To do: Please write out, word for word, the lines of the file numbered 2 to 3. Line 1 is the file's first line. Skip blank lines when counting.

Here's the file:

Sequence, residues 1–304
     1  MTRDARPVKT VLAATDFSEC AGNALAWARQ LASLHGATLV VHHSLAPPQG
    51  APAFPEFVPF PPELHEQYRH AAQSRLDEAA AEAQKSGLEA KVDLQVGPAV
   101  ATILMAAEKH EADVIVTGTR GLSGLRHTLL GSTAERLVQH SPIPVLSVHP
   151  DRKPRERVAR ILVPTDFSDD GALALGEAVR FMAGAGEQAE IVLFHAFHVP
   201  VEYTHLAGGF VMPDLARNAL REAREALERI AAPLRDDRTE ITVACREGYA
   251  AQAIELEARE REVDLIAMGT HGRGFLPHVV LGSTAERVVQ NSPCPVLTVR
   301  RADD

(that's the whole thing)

     1  MTRDARPVKT VLAATDFSEC AGNALAWARQ LASLHGATLV VHHSLAPPQG
    51  APAFPEFVPF PPELHEQYRH AAQSRLDEAA AEAQKSGLEA KVDLQVGPAV